The goal of this course is aimed at obtaining a solid background in Development Economics and also at obtaining the anlaytical tools to understand the facts and the determinants of globalization and further investigate its impact among countries.
Course contents summary
This course explores some of the major topics in development economics,looking at both empirical and theoretical points of view. It begins by defining the concepts and measurement of development, then proceeds with a more detailed exploration of inequality, poverty, and population growth, pointing out their interconnections with economic development, and the possibility of uneven growth paths. To this end, in order to understand the structural transformation that accompanies the development process, rural-urban interaction and migration are explicitly introduced. It also looks at the markets and institutions that influence the lives of people in developing countries, stressing the role of markets failures and their interrelations. Before concluding, it goes back to aggregate analysis, dealing with the role of initial conditions for development. The course focuses on history versus expectations, analyzing the role of complementarities and increasing returns. Finally, it provides a detailed analysis of the key issues concerning international trade and trade policy.
A selection of the following chapters from Debraj Ray, Development Economics, 1998
Chapter 2: Economic Development: Overview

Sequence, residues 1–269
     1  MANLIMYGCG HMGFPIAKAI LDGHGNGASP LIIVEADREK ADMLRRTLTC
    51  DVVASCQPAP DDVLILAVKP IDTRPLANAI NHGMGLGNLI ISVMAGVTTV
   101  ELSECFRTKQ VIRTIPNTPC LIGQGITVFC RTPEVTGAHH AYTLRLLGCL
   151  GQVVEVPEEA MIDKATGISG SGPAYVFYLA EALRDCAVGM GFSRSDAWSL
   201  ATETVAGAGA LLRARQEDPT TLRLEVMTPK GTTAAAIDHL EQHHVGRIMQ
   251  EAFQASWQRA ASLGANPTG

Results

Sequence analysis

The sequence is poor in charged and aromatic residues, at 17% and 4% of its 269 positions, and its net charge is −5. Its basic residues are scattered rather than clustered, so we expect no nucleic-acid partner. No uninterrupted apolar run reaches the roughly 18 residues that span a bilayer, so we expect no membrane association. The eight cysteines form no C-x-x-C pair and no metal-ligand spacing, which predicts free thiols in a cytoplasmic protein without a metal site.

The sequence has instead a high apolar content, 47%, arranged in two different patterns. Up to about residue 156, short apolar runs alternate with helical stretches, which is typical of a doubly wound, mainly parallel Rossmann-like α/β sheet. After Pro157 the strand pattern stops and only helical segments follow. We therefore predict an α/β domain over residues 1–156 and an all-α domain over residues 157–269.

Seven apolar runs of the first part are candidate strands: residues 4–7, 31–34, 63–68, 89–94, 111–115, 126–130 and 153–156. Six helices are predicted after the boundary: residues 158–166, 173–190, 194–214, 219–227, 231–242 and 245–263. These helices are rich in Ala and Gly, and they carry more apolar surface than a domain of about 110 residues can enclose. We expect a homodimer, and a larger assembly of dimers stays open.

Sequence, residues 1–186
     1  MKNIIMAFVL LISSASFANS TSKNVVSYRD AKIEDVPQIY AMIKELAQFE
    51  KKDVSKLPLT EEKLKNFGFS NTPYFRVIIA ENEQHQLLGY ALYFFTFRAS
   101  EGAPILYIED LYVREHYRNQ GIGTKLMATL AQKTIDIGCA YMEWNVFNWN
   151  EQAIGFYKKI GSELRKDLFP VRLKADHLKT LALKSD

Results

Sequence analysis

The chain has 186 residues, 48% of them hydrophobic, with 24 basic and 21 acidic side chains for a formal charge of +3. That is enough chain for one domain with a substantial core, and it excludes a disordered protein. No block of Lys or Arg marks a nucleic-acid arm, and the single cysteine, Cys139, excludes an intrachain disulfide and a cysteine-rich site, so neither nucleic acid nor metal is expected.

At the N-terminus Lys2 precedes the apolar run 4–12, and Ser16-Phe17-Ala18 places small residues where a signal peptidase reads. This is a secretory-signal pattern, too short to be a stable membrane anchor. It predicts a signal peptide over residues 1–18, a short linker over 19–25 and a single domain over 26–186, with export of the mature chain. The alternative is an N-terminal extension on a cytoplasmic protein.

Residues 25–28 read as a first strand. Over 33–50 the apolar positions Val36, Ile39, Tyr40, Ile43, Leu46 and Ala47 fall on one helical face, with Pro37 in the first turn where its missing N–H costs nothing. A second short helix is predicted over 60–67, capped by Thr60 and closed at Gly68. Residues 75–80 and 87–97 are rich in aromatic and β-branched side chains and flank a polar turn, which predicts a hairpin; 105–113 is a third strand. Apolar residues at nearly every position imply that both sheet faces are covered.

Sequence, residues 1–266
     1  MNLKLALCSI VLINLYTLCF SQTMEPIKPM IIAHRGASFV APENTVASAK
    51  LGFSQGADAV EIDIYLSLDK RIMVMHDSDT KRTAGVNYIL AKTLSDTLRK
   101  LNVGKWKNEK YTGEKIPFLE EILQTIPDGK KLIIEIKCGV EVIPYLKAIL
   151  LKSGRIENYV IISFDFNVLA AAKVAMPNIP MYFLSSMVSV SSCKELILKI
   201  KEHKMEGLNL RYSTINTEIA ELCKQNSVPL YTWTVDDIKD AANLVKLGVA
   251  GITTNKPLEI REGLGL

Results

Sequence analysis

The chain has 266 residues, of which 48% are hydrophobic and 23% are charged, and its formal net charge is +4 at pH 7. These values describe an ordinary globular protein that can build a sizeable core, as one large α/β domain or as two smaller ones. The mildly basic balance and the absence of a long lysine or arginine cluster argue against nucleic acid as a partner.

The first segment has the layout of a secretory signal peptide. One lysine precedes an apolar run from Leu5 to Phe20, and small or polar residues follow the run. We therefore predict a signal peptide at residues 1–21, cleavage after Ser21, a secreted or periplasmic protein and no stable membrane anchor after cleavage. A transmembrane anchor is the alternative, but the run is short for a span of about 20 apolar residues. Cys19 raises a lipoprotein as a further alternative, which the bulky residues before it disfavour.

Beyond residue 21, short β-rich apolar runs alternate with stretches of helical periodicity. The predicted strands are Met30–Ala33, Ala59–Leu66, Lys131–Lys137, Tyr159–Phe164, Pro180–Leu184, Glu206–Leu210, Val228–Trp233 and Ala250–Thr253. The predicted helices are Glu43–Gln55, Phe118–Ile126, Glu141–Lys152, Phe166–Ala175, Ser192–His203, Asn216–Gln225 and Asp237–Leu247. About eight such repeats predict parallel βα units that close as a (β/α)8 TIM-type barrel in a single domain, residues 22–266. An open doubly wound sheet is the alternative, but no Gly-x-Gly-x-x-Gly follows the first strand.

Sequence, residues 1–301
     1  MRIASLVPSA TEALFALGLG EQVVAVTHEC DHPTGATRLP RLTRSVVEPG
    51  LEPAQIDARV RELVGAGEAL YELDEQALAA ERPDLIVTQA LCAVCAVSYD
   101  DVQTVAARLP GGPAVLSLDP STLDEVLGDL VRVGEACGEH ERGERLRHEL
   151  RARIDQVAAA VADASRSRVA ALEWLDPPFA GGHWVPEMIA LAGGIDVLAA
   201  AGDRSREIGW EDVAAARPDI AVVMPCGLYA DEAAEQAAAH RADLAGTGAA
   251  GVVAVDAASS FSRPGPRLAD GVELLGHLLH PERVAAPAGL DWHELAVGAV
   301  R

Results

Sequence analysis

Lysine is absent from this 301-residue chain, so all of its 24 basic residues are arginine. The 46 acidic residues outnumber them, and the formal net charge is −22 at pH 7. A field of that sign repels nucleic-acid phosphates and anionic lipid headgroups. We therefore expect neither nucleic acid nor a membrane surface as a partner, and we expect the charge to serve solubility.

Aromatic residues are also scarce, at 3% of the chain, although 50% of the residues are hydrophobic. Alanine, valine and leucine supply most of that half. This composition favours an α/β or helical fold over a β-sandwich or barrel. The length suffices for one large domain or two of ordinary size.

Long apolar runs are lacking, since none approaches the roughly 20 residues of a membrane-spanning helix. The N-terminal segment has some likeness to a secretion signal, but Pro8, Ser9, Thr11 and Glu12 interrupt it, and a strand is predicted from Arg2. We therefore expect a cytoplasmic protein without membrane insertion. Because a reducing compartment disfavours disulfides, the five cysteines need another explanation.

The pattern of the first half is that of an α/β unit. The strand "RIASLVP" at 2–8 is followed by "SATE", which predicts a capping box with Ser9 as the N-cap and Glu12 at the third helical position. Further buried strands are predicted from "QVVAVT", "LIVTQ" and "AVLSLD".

Chapter 5: History, Ecpectations, and Development
Chapter 6: Economic Inequality
Chapter 7: Inequality and Development: Interconnections
Chapter 8: Poverty and Undernutrition
Chapter 9: Population Growth and Economic Development
Chapter 10: Rural and Urban
Chapter 11: Markets in Agriculture: an Introduction
Chapter 12: Land
Chapter 13: Labor
Chapter 14: Credit
Chapter 15: Insurance
Chapter 16: International trade
Chapter 17: Trade policy
(See the lecturer’s web page for the detailed syllabus: http://economia.unipr.it/docenti/home.asp?id=192
A selection of chapters from Debraj Ray, Development Economics, 1998,Princeton University Press. Further readings will be provided during the course.
Assessment methods and criteria
The final exam is written. There are two questions, with similar weight, with a time limit of one hour.
One question deals with theoretical or empirical topics in broad terms, the other concerns an in-depth study labelled in the syllabus as box. Answers must be rigorous, pertinent and complete, because the aim is to show that a good understanding has been achieved.